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Buying the iPhone 15 series? Don’t throw away your Lightning cables

Apple recently unveiled the iPhone 15 series. A major change in these new phones is the replacement of the Lightning port with a USB-C port. This move aligns the iPhone with the same USB-C standard that the majority of Android phones have been using for nearly a decade. While MacBooks, most iPads, and various other Apple products have already adopted USB-C, making Lightning ports a thing of the past, a significant portion of iPhone 15 buyers will now find themselves without any devices that use Lightning connectors. This situation raises a new concern: what to do with all those leftover Lightning cables.

If you’ve been using iPhones for a while, chances are you’ve amassed a collection of Lightning cables over the years. With the transition to the iPhone 15, you might think about just tossing them out. But hold on a second – let’s not do that. If the millions of people projected to buy the iPhone 15 follow suit, landfills all over the globe will be inundated with a sudden influx of discarded cables. So, here are a few things you can do with your Lightning cables.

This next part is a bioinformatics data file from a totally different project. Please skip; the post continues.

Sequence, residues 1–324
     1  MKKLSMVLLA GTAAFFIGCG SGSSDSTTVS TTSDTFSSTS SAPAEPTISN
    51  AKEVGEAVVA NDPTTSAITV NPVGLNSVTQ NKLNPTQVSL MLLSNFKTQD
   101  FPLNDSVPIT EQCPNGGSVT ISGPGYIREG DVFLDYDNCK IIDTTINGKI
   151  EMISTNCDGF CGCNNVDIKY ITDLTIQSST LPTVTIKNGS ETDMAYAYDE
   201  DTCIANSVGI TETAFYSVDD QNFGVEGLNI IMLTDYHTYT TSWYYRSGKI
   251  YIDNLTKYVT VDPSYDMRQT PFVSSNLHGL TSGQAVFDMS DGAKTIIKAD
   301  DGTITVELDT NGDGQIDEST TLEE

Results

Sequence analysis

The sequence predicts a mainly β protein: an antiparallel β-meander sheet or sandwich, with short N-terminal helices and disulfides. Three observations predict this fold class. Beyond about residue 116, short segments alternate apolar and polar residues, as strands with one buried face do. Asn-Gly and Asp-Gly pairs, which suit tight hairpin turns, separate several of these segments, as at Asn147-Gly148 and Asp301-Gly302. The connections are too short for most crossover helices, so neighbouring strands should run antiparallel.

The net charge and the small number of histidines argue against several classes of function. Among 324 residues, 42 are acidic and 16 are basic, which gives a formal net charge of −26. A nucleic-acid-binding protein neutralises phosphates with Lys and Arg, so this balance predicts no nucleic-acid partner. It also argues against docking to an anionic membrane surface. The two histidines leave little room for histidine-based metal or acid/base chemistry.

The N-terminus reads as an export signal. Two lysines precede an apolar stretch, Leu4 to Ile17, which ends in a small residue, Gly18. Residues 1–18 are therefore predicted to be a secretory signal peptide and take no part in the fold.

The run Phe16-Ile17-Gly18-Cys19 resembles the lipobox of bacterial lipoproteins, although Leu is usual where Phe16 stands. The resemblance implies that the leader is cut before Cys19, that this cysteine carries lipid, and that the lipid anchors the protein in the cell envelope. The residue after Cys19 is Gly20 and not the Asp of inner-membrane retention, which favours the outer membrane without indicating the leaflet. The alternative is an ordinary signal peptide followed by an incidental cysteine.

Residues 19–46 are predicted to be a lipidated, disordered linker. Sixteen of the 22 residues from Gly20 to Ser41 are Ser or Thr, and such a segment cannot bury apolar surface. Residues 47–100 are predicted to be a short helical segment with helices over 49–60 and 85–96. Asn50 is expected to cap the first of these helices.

Also Read: iPhone 15 Pro is not just a smartphone – it’s a new gaming console!

Give it to people using old Apple devices

The iPhone 15 now rocks USB-C ports, but there are still tons of old iPhones out there that are rocking the old Lightning ports. You likely know a bunch of folks with relatively recent iPhones who aren’t thinking of upgrading anytime soon. So, why not be a buddy and hand off your old cables to them?